This image acquired on January 22, 2022 by NASAs Mars Reconnaissance Orbiter shows some steep slopes with good exposures of the bedrock layers, revealing diverse color and textures.

May 26, 2022

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The sedimentary history of Mars is important to understanding climate change and the evolution of Mars. Sedimentary rocks consist of fine particles carried by the atmosphere and/or water and deposited in generally flat-lying layers, which become indurated (turn into rock) over time.

This image covers some steep slopes with good exposures of the bedrock layers, revealing diverse color and textures. A detailed study of many such exposures along with compositional data can be used to reconstruct the sequence of events and interpret the geologic history.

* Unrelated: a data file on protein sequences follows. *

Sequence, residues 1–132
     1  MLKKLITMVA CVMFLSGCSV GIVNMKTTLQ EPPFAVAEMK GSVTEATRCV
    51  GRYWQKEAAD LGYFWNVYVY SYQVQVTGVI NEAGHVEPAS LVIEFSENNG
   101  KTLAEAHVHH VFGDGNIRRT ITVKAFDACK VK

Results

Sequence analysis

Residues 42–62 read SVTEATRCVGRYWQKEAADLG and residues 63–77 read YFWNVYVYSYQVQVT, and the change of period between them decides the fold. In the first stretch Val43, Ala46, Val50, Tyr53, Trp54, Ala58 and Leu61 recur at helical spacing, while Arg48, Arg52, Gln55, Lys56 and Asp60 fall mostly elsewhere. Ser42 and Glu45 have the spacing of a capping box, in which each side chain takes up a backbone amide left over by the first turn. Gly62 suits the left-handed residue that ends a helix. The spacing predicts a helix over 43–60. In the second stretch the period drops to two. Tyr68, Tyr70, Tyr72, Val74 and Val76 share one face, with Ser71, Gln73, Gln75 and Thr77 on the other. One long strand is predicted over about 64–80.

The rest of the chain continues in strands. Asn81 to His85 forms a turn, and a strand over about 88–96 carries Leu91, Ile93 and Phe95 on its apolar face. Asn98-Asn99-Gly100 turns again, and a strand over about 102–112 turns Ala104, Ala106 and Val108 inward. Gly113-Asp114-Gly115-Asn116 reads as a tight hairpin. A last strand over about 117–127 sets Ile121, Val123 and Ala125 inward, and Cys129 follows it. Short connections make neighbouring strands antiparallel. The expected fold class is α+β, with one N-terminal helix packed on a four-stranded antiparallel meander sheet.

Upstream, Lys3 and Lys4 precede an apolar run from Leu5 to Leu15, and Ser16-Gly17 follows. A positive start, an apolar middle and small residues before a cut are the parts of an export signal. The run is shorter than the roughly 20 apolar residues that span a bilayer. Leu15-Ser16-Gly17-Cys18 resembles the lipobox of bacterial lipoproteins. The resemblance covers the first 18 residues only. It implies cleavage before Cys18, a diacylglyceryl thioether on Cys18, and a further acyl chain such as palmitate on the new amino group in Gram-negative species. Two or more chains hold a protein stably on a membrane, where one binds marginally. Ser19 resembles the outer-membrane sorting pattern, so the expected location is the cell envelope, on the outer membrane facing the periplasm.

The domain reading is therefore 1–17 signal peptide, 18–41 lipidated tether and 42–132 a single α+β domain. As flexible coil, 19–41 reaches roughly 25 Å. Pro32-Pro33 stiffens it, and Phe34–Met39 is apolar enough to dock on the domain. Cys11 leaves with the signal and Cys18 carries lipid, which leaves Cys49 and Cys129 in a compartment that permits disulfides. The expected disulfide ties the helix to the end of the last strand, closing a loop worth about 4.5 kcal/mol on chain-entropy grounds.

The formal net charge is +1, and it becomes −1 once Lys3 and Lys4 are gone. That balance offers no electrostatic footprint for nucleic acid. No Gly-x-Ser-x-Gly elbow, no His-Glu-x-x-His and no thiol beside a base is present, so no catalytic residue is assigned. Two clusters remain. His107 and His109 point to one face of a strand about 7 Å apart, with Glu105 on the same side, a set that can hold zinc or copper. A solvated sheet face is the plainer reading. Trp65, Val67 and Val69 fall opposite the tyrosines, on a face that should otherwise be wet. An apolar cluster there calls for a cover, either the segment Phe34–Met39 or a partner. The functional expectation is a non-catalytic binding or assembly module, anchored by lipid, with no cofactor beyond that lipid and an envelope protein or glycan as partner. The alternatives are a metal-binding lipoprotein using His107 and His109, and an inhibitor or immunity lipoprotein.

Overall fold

The map is projected here at a scale of 50 centimeters (19.7 inches) per pixel. (The original image scale is 51.8 centimeters [20.4 inches] per pixel [with 2 x 2 binning]; objects on the order of 155 centimeters [61.0 inches] across are resolved.) North is up.

The University of Arizona, in Tucson, operates HiRISE, which was built by Ball Aerospace & Technologies Corp., in Boulder, Colorado. NASA's Jet Propulsion Laboratory, a division of Caltech in Pasadena, California, manages the Mars Reconnaissance Orbiter Project for NASA's Science Mission Directorate, Washington.

Credit

NASA/JPL-Caltech/University of Arizona

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